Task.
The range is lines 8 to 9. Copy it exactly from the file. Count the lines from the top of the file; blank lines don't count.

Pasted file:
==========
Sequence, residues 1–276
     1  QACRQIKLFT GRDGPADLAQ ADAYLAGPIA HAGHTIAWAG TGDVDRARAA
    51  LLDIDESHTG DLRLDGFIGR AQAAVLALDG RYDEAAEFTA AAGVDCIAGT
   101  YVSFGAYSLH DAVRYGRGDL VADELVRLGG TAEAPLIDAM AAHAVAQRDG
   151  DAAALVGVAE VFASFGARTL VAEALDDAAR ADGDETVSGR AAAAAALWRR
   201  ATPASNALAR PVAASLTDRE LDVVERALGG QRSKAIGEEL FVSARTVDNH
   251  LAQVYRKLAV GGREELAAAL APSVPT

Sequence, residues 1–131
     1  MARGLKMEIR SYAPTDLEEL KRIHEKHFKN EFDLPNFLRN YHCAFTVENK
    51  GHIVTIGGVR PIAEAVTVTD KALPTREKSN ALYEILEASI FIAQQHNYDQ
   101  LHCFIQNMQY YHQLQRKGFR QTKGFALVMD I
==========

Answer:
Sequence, residues 1–131
     1  MARGLKMEIR SYAPTDLEEL KRIHEKHFKN EFDLPNFLRN YHCAFTVENK